Bombay Burmah Trading Corporation has said it has made a provision of Rs 1,865.66 crore in respect of its investments made in Go First and other related financial obligations
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Bombay Burmah Trading Corporation has said it has made a provision of Rs 1,865.66 crore in respect of its investments made in Go First and other related financial obligations.
In a statement shared with stock exchanges, Bombay Burmah Trading Corporation (BBTCL) reported a consolidated total income of Rs 17,079 crore and net loss of Rs 533 crore for the year ended March 31, 2023. The reported loss is after making the provision, it added.
The Bombay Burmah Trading Corporation (BBTCL) is an Indian trading company based in Mumbai owned by the Wadia Group. It was formed in 1863 by the Wallace Brothers of Scotland.
BBTCL, as an investment Company, has over the years made several investments across diverse businesses and geographies, to further its shareholders' value.
During fiscal 2022-23, the investment value of BBTCL grew by approximately Rs 13,000 crore. BBTCL said it identified airline business as a potential growth area particularly in the low-cost segment, given the rising personal income and the preference for time-saving airline travel in a large country like India and therefore has been making investments in GoAir Airlines, which operates Go First, since 2005.
The airline performance was at par with its competitors for several years till the onset of Covid, according to the statement from BBTCL. Even in FY 2021-22, the financial performance indicators of GoAir were better than that of its peers.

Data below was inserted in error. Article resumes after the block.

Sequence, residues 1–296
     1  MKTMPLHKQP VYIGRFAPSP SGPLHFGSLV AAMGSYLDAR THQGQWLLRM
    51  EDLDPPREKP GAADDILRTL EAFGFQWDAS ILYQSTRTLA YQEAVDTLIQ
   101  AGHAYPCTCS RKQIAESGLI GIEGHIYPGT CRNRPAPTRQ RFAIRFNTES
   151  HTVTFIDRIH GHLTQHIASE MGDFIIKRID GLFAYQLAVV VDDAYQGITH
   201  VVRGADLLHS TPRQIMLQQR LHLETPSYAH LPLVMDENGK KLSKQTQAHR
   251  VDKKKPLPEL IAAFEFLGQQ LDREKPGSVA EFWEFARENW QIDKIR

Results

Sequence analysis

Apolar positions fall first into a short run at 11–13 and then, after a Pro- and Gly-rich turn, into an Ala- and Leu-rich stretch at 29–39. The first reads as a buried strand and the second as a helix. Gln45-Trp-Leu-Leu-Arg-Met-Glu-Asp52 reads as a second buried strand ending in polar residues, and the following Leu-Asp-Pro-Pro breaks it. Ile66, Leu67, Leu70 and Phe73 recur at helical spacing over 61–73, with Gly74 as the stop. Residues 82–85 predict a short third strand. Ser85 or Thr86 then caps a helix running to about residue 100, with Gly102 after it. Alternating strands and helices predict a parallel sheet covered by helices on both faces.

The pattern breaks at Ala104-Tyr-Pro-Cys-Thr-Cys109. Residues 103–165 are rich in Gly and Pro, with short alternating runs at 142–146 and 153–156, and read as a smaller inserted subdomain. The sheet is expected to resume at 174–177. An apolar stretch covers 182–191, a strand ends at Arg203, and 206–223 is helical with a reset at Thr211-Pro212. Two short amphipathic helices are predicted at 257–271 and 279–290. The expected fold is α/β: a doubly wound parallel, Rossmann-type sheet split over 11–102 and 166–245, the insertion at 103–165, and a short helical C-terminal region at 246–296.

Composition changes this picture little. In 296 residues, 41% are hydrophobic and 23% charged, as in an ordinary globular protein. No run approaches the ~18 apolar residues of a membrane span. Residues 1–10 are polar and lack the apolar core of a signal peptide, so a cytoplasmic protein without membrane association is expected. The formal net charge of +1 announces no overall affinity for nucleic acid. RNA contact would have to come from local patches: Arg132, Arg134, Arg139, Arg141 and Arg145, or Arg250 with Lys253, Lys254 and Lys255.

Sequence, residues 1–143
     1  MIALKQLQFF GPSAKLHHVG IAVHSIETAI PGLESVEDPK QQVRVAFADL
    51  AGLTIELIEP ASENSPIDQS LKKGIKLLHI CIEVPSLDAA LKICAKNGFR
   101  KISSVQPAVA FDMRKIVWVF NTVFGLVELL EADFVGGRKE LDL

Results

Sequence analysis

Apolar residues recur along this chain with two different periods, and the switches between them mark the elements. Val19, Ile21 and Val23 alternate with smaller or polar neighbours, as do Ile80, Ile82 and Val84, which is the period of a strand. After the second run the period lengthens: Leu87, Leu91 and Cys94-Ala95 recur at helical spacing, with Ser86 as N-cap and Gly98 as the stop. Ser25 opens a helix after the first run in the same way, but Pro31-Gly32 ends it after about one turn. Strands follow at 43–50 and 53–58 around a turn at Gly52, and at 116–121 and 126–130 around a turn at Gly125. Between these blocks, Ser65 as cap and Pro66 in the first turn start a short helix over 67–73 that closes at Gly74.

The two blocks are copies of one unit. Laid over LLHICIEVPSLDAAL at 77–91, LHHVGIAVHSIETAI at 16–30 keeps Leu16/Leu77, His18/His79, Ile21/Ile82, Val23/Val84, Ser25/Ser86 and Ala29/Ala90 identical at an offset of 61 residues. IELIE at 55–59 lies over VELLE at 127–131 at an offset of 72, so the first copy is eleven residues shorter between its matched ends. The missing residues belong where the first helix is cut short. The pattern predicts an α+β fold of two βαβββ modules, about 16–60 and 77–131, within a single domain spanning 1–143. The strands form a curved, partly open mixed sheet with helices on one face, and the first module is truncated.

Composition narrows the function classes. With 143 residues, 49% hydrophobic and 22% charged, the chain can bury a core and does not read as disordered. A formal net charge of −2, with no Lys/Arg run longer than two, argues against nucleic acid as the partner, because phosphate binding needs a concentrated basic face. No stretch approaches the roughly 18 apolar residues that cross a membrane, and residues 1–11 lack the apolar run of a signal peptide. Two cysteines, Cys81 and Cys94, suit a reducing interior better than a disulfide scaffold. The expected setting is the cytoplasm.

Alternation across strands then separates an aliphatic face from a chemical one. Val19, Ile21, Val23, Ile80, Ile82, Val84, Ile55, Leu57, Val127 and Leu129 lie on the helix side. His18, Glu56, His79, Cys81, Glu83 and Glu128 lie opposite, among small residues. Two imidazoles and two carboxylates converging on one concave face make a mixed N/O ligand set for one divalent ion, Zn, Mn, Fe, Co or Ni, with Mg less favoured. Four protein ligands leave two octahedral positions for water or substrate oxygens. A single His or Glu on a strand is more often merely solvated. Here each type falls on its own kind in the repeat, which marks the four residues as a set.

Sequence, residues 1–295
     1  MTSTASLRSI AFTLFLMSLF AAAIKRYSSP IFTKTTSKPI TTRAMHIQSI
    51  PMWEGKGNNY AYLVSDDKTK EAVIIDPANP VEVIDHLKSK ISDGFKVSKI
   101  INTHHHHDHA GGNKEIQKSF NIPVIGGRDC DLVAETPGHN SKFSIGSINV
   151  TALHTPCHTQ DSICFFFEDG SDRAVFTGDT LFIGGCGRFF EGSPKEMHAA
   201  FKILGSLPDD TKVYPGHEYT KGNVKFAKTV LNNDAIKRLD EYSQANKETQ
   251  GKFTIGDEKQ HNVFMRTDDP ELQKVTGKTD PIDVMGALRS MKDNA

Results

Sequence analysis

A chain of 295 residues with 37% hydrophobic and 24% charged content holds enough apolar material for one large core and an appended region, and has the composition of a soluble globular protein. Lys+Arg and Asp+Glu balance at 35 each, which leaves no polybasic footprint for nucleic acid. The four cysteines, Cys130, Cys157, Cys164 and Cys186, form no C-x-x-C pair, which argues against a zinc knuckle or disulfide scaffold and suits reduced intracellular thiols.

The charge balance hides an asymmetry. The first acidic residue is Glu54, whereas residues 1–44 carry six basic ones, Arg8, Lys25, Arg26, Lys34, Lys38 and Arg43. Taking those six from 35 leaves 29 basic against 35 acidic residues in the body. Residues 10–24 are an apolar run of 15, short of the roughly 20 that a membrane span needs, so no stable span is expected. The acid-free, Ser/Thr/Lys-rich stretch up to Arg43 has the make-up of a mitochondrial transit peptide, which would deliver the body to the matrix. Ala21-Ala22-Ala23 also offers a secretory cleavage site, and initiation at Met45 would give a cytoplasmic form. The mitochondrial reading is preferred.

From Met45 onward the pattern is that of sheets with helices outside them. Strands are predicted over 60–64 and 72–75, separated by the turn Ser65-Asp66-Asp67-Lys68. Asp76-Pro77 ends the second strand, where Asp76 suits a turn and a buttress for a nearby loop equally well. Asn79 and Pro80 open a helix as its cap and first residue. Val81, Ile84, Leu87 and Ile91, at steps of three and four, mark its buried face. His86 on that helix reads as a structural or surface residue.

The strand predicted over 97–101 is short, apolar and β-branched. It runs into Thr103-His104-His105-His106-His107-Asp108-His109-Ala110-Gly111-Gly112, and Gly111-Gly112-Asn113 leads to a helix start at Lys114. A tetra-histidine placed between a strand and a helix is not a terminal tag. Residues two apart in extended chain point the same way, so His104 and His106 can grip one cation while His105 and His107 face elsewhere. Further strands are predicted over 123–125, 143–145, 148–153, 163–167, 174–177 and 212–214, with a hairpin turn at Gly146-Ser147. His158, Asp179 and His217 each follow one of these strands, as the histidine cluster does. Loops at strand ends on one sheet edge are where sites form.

As part of its growth and expansion, GoAir said it opted to purchase 72 Airbus aircraft powered by Pratt and Whitney (P&W) New Engine which promised substantial fuel saving and reliability.
"Unfortunately, the engines supplied were not up to the required standards, warranting substantial maintenance and leading to grounding of aircraft," BBTCL said, adding, "Recognising this, P and W (subsidiary of the well-known Raytheon Corporation of US), provided the required services including compensation for the grounded aircraft up to March 2020."
BBTCL said, "However, they failed to provide spare engines and wrongly demanded substantial payments for the repair of the defective engines, thereafter."
It added, "This resulted in 31 per cent to 57 per cent of GOAir fleet being grounded between 2020 and 2023, adversely impacting the financial position of GoAir. As a consequence of this, the revenue of Go Air shrank to 50 pc levels while the costs of the company remained at 100 pc levels."
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